An Hour in the Ash

By Sol Cooperdock, MS 2017

Squatting next to my soil respiration collar, I had a moment to reflect. The ground around me was dark and charred. Small rocks littered the landscape, freshly broken from the intense heat. My computer logged carbon dioxide concentrations as I stood up to stretch my sore back. Around me plenty of trees still stood but none were living. They too were black and charred. Many more lay partially burned on the ground while deep holes in the earth showed where trees once stood but had been completely combusted, roots and all. In the distance a few pines swayed in the wind with massive green canopies that were spared by the heterogeneity of wildfire.

Nine months earlier this forest, known as the “Lost Pines”, burned in its second major wildfire in the last five years. It’s a very stark landscape, but beautiful as well, and it has been a unique experience to watch it change since the most recent fire. I have visited the burn every month since, at first just observing, then contemplating, and eventually coming up with a way to study it. There’s been surprisingly little research done on the effects of wildfire on soil ecosystems, especially in climates like Texas. I suppose most fire researchers are interested in the impact on the trees, but if the soils have been fundamentally changed, then there’s no way the plant ecosystem is going to regenerate.

Both fires here were classic “fire suppression” fires; they were caused by a buildup of fuels due to decades or centuries-long fire suppression efforts by locals. For many years, prevention under all circumstances was the prevailing wisdom when it came to fires, but the thinking is starting to change. More and more managers are letting fires burn or at the very least performing regular prescribed fires to remove the fuel build up. This is important because these ecosystems are actually adapted to fires; regular, low-intensity fires have always burned through the oak-pine forests of east-central Texas, removing dead wood and burning saplings to create the savannas that naturally grow there. Due to fire suppression, the forest grew too densely and burned spectacularly.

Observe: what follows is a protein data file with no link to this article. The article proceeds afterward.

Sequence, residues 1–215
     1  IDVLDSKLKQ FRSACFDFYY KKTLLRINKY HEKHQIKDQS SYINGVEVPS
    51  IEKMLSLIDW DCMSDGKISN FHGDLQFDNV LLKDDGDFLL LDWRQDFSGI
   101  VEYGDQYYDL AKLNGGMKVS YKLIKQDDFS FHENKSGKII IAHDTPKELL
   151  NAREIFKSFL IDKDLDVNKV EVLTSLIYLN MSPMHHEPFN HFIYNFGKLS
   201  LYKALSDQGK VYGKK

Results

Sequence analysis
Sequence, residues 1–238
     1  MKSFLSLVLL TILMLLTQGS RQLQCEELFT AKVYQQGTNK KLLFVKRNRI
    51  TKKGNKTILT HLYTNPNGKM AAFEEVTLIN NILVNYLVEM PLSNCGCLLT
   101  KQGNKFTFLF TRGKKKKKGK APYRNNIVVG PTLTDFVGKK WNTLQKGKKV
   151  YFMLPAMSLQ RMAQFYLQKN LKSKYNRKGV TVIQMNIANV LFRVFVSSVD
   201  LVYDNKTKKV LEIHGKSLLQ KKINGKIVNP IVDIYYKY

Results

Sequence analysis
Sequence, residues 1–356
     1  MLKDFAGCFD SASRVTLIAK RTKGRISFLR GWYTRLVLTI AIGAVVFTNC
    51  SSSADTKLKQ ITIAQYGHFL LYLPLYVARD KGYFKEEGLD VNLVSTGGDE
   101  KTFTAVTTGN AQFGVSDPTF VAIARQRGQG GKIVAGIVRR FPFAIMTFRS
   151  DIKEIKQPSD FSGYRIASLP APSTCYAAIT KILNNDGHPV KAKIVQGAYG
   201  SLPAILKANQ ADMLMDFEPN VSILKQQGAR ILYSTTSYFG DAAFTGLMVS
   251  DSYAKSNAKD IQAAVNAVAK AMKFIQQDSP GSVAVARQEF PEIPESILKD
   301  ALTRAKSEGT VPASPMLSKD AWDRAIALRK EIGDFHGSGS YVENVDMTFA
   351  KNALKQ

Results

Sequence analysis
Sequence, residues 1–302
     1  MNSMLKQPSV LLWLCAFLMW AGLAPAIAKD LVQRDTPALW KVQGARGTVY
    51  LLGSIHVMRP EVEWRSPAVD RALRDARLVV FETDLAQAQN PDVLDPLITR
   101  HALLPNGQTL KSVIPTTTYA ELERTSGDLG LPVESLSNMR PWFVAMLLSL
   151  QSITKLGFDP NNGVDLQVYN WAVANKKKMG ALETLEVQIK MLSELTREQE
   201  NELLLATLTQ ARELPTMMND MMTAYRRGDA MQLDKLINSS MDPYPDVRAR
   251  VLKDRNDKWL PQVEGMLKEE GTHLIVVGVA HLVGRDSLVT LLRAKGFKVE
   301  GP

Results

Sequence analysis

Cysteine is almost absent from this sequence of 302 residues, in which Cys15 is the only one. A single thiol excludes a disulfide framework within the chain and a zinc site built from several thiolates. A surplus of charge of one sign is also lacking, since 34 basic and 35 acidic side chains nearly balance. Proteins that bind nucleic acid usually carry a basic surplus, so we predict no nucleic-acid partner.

Forests have a kind of delicate balance that can continue for thousands of years undisturbed, but once an outside force acts on them big changes can occur. Fire suppression was one outside force that impacted this forest, the Bastrop Complex Fire of 2011 was another, a reaction to suppression.  Which brings up two pretty fundamental questions for this place: will this ecosystem ever be able to return to its previous state and why or why not?

My computer continued to tick away, collecting the carbon dioxide measurements I use as an indication of biological activity in the soil which, coupled with chemistry and moisture data, I’ll use to answer these questions. The look of the soil has already told me a lot about my first question though. There is much less organic matter where the forest was burned, which means there will be less nutrients for anything living here and the community will have to shift. The forest lover in me is sad about that; this was a beautiful pine forest before the fire and, as the westernmost stand of loblolly pines in the country (hence “Lost”), it’s unique. But each time I pack up to leave, I’m excited. I visit this place once a month to study the system and the scientist in me just wants to look at all the data to see what is happening. Which is the great thing about studying the natural world: once I take a step back from my opinions and view something without the weight of my own history on it, it’s easy to (and in fact almost impossible not to) find appreciation and awe in every new thing I learn.